As we approach the fall and winter seasons, some people will experience mood changes. Seasonal change can trigger depression, anxiety, and irritability for some individuals. In the fall, the days are shorter and darker, which can lead to mood shifts. As the weather gets colder, we tend to hibernate and be less active. This can sometimes cause vitamin deficiencies and inflammation.

Many of my patients will come to me concerned that they have bipolar disorder due to seasonal mood shifts. Sometimes, they will fall down the Google rabbit hole. Bipolar disorder requires a psychiatric work up and is not only associated with seasonal change. Now, seasonal changes can impact someone who is already diagnosed with depression or bipolar disorder, but it usually doesn’t work the other way around.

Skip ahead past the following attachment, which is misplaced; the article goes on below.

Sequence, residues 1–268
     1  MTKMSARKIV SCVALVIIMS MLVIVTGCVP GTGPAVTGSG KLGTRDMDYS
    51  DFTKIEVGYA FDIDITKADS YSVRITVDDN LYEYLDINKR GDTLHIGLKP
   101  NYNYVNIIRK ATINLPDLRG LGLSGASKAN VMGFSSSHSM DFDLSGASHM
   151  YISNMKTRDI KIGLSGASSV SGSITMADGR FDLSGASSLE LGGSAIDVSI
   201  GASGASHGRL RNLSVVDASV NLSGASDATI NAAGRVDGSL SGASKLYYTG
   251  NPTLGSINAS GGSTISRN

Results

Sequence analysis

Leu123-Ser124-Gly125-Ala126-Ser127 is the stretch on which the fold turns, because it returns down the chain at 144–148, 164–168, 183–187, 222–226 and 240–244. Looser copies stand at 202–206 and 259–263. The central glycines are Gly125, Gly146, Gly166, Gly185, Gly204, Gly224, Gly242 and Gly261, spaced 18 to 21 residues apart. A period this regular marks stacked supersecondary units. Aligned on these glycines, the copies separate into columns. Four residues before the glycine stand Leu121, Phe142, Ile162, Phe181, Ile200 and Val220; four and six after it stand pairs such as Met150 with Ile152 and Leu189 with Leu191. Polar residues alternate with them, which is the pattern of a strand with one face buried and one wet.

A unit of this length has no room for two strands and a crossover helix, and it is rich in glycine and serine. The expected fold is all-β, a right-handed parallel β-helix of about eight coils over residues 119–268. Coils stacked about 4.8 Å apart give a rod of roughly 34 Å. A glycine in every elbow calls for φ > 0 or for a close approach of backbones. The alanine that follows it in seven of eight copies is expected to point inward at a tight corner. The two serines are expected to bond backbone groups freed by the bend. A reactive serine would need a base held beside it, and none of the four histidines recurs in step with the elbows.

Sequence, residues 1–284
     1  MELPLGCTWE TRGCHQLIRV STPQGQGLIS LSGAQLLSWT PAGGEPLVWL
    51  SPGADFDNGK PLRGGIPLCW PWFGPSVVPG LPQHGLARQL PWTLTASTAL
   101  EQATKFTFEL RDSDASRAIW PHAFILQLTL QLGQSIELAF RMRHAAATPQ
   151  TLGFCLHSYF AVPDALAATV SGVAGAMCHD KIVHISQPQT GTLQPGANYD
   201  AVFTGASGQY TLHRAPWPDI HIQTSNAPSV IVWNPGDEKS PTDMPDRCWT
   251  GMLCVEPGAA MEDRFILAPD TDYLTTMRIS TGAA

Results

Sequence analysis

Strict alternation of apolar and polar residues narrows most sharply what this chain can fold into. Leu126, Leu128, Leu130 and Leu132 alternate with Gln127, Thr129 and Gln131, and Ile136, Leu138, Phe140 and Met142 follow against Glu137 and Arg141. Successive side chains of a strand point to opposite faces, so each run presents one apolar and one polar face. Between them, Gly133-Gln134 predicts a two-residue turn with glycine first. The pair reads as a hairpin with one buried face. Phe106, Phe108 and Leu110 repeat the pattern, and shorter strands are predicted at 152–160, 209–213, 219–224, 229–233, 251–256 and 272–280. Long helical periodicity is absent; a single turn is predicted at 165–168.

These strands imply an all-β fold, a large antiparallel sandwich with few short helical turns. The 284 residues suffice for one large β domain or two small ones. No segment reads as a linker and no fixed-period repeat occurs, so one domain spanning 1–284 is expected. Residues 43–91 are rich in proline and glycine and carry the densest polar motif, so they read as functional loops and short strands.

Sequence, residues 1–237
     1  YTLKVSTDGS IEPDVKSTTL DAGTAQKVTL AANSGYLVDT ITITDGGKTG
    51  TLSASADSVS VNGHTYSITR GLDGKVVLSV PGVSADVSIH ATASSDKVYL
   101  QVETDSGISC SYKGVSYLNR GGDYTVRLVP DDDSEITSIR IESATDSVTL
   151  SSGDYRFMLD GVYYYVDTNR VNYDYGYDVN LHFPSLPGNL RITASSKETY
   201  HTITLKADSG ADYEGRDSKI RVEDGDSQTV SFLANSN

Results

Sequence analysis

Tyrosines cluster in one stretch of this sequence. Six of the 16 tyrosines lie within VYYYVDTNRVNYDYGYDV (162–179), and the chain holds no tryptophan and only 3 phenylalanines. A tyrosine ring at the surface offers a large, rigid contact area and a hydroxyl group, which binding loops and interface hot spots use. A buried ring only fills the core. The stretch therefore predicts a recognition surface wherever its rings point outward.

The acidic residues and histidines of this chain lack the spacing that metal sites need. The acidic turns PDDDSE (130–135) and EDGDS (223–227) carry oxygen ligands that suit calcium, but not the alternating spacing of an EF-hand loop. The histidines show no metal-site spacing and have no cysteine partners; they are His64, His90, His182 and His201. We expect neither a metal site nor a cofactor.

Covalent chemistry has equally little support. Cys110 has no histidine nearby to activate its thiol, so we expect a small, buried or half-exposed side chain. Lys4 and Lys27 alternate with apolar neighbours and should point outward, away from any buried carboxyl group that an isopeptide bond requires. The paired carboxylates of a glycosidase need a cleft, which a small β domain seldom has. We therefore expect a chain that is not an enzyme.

In these days of Covid 19, we are preparing for a more isolated winter. Its important to anticipate possible changes in mood due to loneliness and uncertainty. I’m encouraging my patients to get their vitamin D levels checked and stock up on anti-inflammatory foods and recipes. Vitamin D levels should be checked yearly since it regulates inflammation and many people are susceptible to low levels due to genetics and lack of UV exposure.

It’s also a good idea to track your mood cycles with a daily mood tracker. Many times, we are unaware that mood shifts can be due to menstrual cycles, poor sleep habits, or changes in diet. Its easy to forget day to day changes unless you are keeping track. One of the best things we can do is collect data on ourselves, especially during seasonal changes.